Meetings are often the primary way a team works together. The format and process of team meetings affects how a team works together, their sense of purpose, and their ability to innovate. By changing the format of a meeting you can increase trust among team members, improve communication, and do better work together. In this episode, learn five ways to begin your meeting that will help build your team to be even stronger.
What You’ll Learn
- Why starting a meeting with a short activity can help your team be more productive and focused
- Five ways to begin your meeting that will help you focus on your goals and increase camaraderie and trust
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The Weekly Challenge
Feel like reading instead of listening? Download the PDF transcript here or read below. Enjoy!
Welcome to The Deliberate Creative Podcast Episode 56. Today I am going to share with you five team activities you can use next time you start a team meeting. This episode has actually been inspired by my clients. Recently I have been using the Creative Synergy Scale with some of my clients. The scale is designed to help teams understand their strengths and areas they need to improve to help them be more creative together. Particularly, it looks at three different areas: their team purpose, their team creative process and their team dynamics.
One of the things that has come up in many of the conversations with clients that I have had, as we were debriefing the scale, is that the process teams use in their meetings and how they work together really it affects everything they do. It affects how they understand their purpose, it affects how creative they feel together, it affects how much they trust each other. So a common question I get is how do we increase that trust and communication within our team to help improve our team dynamics. There are many factors that can improve trust and communication, but one of the big ones that is actually pretty easy to change is the format and the process of meetings. Because meetings are how we engage with each other. For most teams that is their primary interaction. They meet either weekly or sometimes daily depending on the type of team it is and the format and the structure and the process of those meetings has a big impact on how they work together.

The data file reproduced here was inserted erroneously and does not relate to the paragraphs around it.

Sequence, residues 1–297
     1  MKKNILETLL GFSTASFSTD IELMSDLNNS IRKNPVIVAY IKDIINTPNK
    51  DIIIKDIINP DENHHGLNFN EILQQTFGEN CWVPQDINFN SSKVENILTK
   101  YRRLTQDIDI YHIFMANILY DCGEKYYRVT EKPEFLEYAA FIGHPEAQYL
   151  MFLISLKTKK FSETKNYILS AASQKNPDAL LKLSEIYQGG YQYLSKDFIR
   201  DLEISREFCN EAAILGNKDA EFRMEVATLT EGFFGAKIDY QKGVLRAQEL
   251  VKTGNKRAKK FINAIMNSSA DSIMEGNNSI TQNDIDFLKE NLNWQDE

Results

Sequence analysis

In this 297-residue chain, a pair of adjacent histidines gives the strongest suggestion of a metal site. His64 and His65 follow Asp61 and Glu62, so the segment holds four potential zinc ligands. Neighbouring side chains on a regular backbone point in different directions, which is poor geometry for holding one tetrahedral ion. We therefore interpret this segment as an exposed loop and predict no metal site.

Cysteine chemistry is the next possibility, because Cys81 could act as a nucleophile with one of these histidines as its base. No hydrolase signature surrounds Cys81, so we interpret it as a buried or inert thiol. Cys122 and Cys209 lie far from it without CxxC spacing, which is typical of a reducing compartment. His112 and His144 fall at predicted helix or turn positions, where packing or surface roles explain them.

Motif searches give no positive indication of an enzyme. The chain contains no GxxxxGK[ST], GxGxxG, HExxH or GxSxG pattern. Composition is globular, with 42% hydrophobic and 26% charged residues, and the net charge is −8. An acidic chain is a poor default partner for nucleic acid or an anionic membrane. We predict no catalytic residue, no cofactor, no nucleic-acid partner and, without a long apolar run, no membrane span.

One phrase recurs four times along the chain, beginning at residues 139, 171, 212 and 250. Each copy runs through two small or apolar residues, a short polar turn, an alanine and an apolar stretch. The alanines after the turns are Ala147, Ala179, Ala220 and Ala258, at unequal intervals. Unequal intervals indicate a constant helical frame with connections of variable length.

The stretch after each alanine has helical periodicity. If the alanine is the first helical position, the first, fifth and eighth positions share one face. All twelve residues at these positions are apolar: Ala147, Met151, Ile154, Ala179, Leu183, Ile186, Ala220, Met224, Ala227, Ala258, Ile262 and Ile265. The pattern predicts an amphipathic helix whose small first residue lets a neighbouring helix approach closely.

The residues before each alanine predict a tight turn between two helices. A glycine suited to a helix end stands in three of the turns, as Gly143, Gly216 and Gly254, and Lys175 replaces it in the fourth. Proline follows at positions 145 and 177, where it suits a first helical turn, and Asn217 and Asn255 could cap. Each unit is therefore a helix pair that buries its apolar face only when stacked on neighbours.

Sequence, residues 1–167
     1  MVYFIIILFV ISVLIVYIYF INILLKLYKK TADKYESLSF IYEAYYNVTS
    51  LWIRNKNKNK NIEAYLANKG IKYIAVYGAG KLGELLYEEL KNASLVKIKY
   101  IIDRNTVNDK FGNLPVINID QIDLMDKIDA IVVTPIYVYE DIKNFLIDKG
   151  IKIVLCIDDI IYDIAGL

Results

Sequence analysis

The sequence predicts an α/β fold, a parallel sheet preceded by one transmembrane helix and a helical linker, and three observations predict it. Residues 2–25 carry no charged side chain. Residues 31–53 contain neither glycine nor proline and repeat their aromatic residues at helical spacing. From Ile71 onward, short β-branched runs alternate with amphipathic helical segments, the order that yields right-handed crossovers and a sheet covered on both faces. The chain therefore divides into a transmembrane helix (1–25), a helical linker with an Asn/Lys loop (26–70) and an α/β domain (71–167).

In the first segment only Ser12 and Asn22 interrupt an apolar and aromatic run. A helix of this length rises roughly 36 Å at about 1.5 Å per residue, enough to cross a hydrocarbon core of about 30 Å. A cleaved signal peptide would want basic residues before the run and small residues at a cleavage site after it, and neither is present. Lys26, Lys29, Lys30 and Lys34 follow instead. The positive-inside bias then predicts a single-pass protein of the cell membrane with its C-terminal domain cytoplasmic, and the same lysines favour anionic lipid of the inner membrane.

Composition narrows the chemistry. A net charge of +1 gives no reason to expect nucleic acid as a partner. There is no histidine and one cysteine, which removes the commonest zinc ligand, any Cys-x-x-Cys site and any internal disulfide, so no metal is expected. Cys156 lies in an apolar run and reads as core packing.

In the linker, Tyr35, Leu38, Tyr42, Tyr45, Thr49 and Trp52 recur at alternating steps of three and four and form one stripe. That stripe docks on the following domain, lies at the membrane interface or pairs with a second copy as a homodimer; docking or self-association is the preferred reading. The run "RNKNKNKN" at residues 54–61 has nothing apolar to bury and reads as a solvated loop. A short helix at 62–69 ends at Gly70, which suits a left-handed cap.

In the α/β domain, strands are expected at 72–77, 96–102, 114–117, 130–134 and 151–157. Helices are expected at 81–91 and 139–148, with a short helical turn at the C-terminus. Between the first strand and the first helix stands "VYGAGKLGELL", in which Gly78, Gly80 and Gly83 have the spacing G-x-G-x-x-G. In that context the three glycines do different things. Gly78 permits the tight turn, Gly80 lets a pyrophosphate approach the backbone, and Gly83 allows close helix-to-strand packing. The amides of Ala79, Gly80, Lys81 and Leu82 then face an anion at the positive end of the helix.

In this episode I share five simple ways that you can begin your meetings to help you increase trust, communication, to help you increase focus and creativity and really to make the meetings more productive. Not every activity will fit every meeting, so select the opening based on your goal. What is the purpose of the meeting? When you are designing a meeting you want to be very intentional with what you are including in that meeting. If you are a regular listener, you may have heard me say this before, but let’s imagine that you have a team who meets for one hour and there are ten people on that team, so essentially that is ten hours of work. Let’s say that the average employee makes $50,000 who is on that team. That is the average. That meeting, that one-hour meeting, could cost your organization about $250 based on their average salary. So make sure that you design your meetings with some intention so that you are spending that money wisely. Meetings are expensive, but I think they also can be very powerful and they can push the work of your team forward significantly if they are designed well and the time is used well.
I am going to give you five activities and each of these activities allows individual team members to share more about themselves to the extent that they are comfortable. They will have a chance to get to know each other better, which can help increase empathy and understanding and trust within a team, but that is not necessarily the main purpose of these opening activities. In some ways that is just an additional outcome. The main purpose is to help ground and focus people within the meeting topics, which then helps the team be more productive and more creative. Here are the five activities.
1. Use a Simple Prompt [04:09]
By prompt I mean you are asking a question, you are throwing a question out there and then everybody at the table, everybody in the meeting has the opportunity to respond and give their response. You always want to align that prompt to the content of the meeting. Let’s say that you work in education and you are in the process of changing something in the middle schools, particularly around college and career readiness for your students. One prompt you might use is you might ask people in the meetings — say it is a group of teachers — you might ask them to “think back to when they were in middle school. What is one way you learned about college and career options as a middle schooler? How did you know that college was an option or how did you know the different career options that you could take?” That is an example of a prompt that you might use.